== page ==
The 20-week crusaders include Trent Franks, an Arizona congressional representative whose “Pain-Capable Unborn Child Protection Act” passed the House Judiciary Committee Wednesday and now heads for the full RepublicanHouse. In an apparent bid to top Perry’s wild rhetoric, Franks accused women who terminate 20-week pregnancies of “knowingly subjecting our innocent unborn children to dismemberment in the womb … when they have developed to the point that they can feel excruciating pain every terrible moment leading up to their undeserved deaths.” (He also echoed Rep. Todd Akin’s ludicrous assertion that women’s bodies simply reject unwelcome sperm, saying that “the incidence of rape resulting in pregnancy are very low.”)
In truth, less than 2% of U.S. abortions occur after the 20-week mark, and many involve women facing extreme health risks or carrying fetuses with catastrophic birth defects. As Planned Parenthood notes in a statement on the Franks act, states with 20-week bans have forced women and families into “heartbreaking and tragic situations—needing to end a pregnancy for serious medical reasons, but unable to do so.” For a firsthand account of the realities surrounding later-stage abortion, read the story of how an Arkansas couple—an Air Force pilot and surgical nurse—decided to have one before Arkansas adopted its 20-week ban. “This is not an argument about unwanted children,” the pilot writes. “It is about the right of parents and their doctors to make educated and moral decisions with all the facts.”
It’s also about the Constitution. Though nine states have enacted 20-week bans, federal courts have overturned them in Arizona and Idaho, and a state court has blocked Georgia’s to allow for a legal challenge. The six-and 12-week bans are even less likely to survive legal scrutiny, and the federal ban headed for the House floor has little chance of passing the Senate, let alone becoming law.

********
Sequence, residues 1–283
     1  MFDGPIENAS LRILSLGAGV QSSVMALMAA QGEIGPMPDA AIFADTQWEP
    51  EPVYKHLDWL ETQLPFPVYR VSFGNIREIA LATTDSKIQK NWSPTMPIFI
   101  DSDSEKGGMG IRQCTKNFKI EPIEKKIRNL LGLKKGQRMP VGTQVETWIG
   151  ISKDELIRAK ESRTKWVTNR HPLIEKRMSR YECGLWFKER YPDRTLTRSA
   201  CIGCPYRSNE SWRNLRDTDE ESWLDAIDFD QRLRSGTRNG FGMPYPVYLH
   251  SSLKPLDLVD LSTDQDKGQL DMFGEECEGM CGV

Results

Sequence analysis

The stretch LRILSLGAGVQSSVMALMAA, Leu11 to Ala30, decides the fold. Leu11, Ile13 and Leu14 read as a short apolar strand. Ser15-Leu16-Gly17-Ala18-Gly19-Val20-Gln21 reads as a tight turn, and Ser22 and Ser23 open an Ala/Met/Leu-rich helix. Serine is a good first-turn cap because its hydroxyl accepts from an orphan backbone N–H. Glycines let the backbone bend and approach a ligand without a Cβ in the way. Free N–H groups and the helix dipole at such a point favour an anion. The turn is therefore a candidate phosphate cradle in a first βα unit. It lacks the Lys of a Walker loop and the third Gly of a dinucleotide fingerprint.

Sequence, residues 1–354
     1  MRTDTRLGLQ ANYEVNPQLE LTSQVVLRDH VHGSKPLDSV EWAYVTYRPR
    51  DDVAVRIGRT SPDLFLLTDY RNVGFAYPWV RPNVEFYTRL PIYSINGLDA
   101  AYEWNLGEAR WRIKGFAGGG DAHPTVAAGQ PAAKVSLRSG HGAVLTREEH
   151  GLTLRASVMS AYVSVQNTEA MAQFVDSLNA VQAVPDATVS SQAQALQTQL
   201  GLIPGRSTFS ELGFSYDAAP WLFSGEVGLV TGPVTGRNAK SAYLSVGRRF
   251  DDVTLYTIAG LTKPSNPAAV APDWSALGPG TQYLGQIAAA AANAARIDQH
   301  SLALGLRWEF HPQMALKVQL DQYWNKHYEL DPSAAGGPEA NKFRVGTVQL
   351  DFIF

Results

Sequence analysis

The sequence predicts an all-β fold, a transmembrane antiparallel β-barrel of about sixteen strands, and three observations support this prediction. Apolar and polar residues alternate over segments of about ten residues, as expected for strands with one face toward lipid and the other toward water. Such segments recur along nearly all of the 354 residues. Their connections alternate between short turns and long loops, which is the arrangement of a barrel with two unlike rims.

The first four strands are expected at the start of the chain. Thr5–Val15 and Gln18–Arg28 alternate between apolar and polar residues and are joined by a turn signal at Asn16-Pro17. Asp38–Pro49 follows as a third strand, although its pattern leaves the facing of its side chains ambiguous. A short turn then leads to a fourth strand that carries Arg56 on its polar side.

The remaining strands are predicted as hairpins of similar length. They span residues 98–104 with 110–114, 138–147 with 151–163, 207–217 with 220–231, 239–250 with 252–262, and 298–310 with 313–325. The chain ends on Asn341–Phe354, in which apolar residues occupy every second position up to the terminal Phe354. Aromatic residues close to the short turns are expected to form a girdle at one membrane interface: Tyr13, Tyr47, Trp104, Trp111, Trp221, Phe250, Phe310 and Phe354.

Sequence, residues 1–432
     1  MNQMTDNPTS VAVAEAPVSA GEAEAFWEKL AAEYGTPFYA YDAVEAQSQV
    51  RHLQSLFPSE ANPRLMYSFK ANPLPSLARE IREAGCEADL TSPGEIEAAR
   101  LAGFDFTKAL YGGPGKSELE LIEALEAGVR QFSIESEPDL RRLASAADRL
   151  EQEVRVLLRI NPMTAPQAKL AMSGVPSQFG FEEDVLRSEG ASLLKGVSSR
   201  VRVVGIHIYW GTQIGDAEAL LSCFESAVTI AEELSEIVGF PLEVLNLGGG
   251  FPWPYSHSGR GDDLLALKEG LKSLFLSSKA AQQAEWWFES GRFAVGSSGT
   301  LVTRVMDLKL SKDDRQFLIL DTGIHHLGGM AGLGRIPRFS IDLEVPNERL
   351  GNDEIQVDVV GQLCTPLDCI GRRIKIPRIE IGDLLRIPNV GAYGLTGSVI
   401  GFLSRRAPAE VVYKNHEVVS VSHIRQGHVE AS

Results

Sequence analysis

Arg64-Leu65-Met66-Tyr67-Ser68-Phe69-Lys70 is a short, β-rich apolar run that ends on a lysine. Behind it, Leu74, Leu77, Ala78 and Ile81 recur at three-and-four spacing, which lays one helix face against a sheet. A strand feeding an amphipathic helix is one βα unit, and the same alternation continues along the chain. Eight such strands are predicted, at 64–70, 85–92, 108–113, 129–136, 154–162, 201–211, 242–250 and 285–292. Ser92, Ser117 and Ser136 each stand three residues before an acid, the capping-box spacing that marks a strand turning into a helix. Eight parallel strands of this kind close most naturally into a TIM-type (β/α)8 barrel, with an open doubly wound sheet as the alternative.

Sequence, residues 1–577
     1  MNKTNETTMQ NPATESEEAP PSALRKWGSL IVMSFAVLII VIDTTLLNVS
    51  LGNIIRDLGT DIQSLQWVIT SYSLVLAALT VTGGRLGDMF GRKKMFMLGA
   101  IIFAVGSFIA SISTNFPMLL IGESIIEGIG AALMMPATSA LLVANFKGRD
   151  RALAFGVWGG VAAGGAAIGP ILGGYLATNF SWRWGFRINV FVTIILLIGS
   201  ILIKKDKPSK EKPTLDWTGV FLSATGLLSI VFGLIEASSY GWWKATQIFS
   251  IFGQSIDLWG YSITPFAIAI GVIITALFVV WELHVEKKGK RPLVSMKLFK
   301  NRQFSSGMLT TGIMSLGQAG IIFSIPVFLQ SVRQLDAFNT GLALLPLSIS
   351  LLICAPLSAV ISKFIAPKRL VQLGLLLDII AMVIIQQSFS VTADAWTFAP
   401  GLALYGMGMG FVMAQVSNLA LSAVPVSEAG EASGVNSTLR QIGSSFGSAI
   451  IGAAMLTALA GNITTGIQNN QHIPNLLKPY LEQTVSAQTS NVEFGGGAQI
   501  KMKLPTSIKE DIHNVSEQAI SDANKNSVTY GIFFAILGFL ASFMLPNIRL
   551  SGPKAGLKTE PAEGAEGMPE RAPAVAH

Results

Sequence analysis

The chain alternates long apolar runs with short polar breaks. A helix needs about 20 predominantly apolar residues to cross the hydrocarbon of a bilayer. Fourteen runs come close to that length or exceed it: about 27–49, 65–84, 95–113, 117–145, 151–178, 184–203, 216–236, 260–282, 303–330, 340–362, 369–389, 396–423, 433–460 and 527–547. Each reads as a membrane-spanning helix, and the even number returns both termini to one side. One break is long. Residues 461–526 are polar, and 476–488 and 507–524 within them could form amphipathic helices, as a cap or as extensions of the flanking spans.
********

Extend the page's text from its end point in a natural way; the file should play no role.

But states keep passing them anyway—and as this chart shows, gestational cutoffs are just one of many strategies GOP lawmakers are using to narrow women’s options. Thirty-four states—including three so far this year—have enacted so-called TRAP laws that hamstring abortion clinics through frivolous and onerous regulations. Arkansas and Virginia have recently joined 18 others in restricting abortion coverage in insurance exchanges that will start enrolling patients next fall. And three states with a dearth of providers have recently joined five others in barring patients from consulting electronically with doctors who can prescribe abortion pills remotely.
“The restrictions we’ve seen this year are part of a cumulative set of restrictions,” the ACLU says in a legislative tally released Thursday. “These restrictions add up to a national picture of fewer clinics, more obstacles for health care and women being told that we are too stupid to make decisions for ourselves. It’s high time for extremist politicians to withdraw their troops from the war on women because we are paying attention and we will continue to resist their efforts.”
Don’t bet on a “withdrawal of extremist troops”—defeat only inflames their rage. But as reasonable Republicans now acknowledge, rage is a road to irrelevance.